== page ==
Acupuncture

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What is acupuncture?1

Acupuncture is a central part of traditional Chinese medicine, which is often used to help relieve pain. During acupuncture, needles that are tiny and very thin are inserted into specific points on a patient’s body. The needles are usually left in place for 10-20 minutes before the therapist removes them. Sometimes, the therapist might move the needles slightly while they are in place on the body. In other cases, the needles might have very mild electrical currents delivered through them.

According to the Chinese medical tradition, acupuncture works by balancing the flow of energy in a person’s body. Western acupuncture therapists often consider it a way to stimulate the body’s nerves, muscles, and tissues. Many believe that this can help to:

  • Improve blood flow
  • Enhance the naturally occurring pain relievers produced by the body

Can acupuncture be used to treat COPD?2

Some COPD patients use acupuncture as a complementary therapy. This means that acupuncture is used alongside their prescribed medications and treatment plans, not instead of them. Patients should talk with their healthcare providers before beginning acupuncture or any new type of therapy.

COPD patients who get acupuncture report that it relieves some of their symptoms, such as breathlessness. Some researchers believe that using acupuncture needles on the rib-cage area may help to relax those muscles and make breathing easier. Others believe that the acupuncture triggers the release of certain chemicals in the body that work to open up the airways and relax the breathing muscles. Acupuncture may also help to reduce anxiety, which is common among patients with COPD.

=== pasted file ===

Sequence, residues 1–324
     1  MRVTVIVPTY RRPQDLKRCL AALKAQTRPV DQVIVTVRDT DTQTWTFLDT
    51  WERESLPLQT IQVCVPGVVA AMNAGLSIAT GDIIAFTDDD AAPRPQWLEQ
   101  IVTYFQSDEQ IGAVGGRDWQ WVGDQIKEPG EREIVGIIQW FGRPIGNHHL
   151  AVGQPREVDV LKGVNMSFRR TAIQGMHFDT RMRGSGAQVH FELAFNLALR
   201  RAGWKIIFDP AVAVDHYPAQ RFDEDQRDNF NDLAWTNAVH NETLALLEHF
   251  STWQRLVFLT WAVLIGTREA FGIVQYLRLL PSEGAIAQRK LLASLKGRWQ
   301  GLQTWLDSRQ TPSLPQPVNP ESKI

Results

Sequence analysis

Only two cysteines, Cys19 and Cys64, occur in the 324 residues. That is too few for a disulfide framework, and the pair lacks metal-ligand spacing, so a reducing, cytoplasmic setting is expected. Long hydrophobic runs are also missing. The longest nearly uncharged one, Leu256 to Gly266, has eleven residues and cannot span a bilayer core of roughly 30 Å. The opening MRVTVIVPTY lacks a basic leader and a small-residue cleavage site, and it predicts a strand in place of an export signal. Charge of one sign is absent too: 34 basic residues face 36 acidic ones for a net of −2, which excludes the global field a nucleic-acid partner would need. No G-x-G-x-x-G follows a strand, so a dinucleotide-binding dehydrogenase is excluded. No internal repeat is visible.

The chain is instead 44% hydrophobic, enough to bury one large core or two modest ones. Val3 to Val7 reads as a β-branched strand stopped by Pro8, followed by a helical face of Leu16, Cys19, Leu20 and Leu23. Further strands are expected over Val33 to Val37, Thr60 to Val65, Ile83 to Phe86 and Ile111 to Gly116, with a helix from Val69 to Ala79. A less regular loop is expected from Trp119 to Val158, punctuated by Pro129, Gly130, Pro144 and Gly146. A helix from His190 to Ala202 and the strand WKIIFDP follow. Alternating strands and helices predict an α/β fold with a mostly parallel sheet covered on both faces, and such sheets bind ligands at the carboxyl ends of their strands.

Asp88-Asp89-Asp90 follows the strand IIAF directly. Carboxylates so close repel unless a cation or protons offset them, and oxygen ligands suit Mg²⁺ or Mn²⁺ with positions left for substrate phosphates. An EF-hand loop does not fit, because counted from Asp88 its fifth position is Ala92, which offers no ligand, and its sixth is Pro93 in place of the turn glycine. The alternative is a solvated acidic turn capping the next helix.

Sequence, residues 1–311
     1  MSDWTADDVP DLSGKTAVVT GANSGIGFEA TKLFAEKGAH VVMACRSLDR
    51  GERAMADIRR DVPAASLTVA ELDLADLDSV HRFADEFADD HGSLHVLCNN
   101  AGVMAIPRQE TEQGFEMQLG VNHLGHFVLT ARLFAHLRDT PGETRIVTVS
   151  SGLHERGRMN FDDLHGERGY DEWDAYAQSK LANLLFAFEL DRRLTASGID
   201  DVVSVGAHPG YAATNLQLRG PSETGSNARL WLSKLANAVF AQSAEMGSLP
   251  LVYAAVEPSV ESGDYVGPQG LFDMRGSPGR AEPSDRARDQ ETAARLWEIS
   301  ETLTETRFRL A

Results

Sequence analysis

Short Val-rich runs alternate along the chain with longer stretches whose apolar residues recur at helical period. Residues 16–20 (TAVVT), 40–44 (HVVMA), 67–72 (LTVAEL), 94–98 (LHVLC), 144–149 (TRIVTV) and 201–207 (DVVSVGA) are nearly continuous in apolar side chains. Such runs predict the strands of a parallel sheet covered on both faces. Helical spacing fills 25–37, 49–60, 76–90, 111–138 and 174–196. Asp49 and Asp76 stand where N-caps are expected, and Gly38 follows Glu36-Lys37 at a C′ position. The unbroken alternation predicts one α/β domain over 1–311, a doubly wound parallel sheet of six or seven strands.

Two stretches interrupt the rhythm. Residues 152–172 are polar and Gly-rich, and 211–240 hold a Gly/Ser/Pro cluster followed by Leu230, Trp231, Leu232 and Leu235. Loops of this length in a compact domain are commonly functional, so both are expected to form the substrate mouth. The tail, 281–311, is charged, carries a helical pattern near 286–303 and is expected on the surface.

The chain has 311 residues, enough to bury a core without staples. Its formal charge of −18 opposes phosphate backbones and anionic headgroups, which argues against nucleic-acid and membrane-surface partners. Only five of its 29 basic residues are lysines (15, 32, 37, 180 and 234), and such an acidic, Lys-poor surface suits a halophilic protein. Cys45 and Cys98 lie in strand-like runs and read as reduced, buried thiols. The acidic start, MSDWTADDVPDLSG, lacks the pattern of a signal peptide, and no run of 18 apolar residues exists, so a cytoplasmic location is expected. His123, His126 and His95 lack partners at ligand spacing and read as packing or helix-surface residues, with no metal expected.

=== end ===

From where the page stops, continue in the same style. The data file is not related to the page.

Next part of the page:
Have there been studies about the use of acupuncture to treat COPD?3

The effects of acupuncture in treating COPD have not yet been tested in large-scale scientific studies. This means that some Western healthcare providers may be less likely to suggest it to their patients.

However, a recent study was published that studied the effects of acupuncture among a small group of 68 people with COPD. The patients were divided into two groups for the study:

  • One group received their daily COPD medicines plus real acupuncture once a week
  • One group received their daily COPD medicines plus fake acupuncture once a week

The group that received the fake acupuncture thought that they were getting real acupuncture, but the needles were not actually inserted into their skin.

After 3 months of treatment, the group that received real acupuncture had less breathlessness than the group who got fake acupuncture. The patients who received real acupuncture also had greater improvements in their ability to exercise.

These results suggest that acupuncture may be an effective complementary therapy for many patients with COPD. More research is needed to further study the effects of acupuncture on COPD symptoms.

What are the side effects of acupuncture?1

Much of the time, acupuncture is painless. The needles are so thin that the patient can barely feel them at all. But sometimes, acupuncture can cause some soreness, bruising, or slight bleeding where the needles were inserted.

It is very important to make sure that the acupuncture therapist is trained and certified. If they are not qualified, then more serious side effects like infections or injury might occur. Acupuncture should usually be avoided by people who:

  • Are pregnant
  • Have bleeding disorders
  • Have a pacemaker